“The savings rate fell very sharply, and that may be an attempt to sustain personal spending, and that’s not doable again,” said John Silvia, chief economist at Wells Fargo Securities LLC in Charlotte, N.C. “Over time they’re going to have to come to grips with the reality that they just don’t have whatever it takes to sustain their spending.”
Tuesday’s report offered a first look at corporate profits. Earnings climbed 2.1 percent from the prior quarter, after rising 3.3 percent in the prior period. They increased 7.9 percent from the same time last year.
Gross domestic income was also reported Tuesday for the first time. The measure, which shows the money earned by the people, businesses and government agencies whose purchases go into calculating growth, rose at a 0.4 percent annual rate from July through September after adjusting for inflation. According to Federal Reserve research, GDI may be a better gauge of the economy.
Inventories were a greater drag on the economy last quarter than first estimated. They were cut at an $8.5 billion annual rate, subtracting 1.6 percentage points from growth, compared with a 1.1 percent previous estimate. It was the first time stockpiles were trimmed since the last three months of 2009.
Fewer inventories put producers on track to ramp up output heading into the holiday season. Restocking will boost growth by 0.8 percentage points in the fourth quarter, according to economists at JPMorgan Chase & Co in New York.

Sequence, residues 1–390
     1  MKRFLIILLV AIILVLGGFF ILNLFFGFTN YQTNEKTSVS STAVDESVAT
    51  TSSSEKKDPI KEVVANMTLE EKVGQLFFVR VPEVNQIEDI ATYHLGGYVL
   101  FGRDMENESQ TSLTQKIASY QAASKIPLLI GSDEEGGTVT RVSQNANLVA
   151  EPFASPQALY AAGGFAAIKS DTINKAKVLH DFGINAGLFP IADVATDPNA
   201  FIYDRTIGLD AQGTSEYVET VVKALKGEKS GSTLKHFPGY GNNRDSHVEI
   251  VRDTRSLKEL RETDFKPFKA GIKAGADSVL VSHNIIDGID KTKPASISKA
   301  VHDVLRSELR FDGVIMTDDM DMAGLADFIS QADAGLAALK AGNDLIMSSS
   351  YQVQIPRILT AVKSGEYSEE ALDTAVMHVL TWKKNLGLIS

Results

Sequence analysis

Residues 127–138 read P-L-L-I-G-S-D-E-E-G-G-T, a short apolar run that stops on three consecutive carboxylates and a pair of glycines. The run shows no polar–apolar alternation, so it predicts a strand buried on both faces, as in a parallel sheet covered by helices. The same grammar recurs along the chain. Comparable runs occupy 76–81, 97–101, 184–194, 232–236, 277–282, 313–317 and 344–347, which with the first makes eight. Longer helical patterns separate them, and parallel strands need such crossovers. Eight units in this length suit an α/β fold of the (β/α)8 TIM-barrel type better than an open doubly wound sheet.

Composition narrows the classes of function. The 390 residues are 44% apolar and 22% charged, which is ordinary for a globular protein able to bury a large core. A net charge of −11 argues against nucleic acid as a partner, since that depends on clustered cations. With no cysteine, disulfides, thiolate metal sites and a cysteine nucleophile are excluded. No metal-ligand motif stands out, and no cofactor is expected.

They now see GDP rising 3 percent in the final quarter, up from a previous prediction of 2.5 percent. They project a slowdown to 0.5 percent in the first three months of 2012.
Monday, lawmakers on a special debt-reduction committee announced they failed to reach agreement and dissolve congressional gridlock. Stocks tumbled, extending last week’s declines, amid concern the government will be forced to submit to $1.2 trillion in automatic spending cuts. The Standard & Poor’s 500 Index lost 1.9 percent, to close at 1,192.98 in New York.
The near-term issue is not the automatic budget cuts that will take effect starting 2013, rather it’s the expiration at the end of this year of the temporary reductions in payrolls taxes and the extension of jobless benefits, according to Michael Feroli, chief U.S. economist at JPMorgan.
“While the fate of those measures are not directly tied to the supercommittee, this week’s failure to come to an agreement probably reduces the likelihood some that those programs get extended,” Feroli said in a note to clients yesterday. “Thus we can expect a noticeable drag from fiscal consolidation early next year.”
The European Central Bank stepped up bond purchases last week as the debt crisis worsened, spending Italian and Spanish bond yields soaring. Growth in Germany, Europe’s largest economy, may slow to a near standstill next year as the region’s debt crisis saps demand for exports, the Bundesbank also said yesterday.
Federal Reserve officials are divided over whether additional steps are needed to lower borrowing costs and boost job creation. Minutes of their Nov. 1-2 meeting, to be released later Monday, may shed more light on their discussions.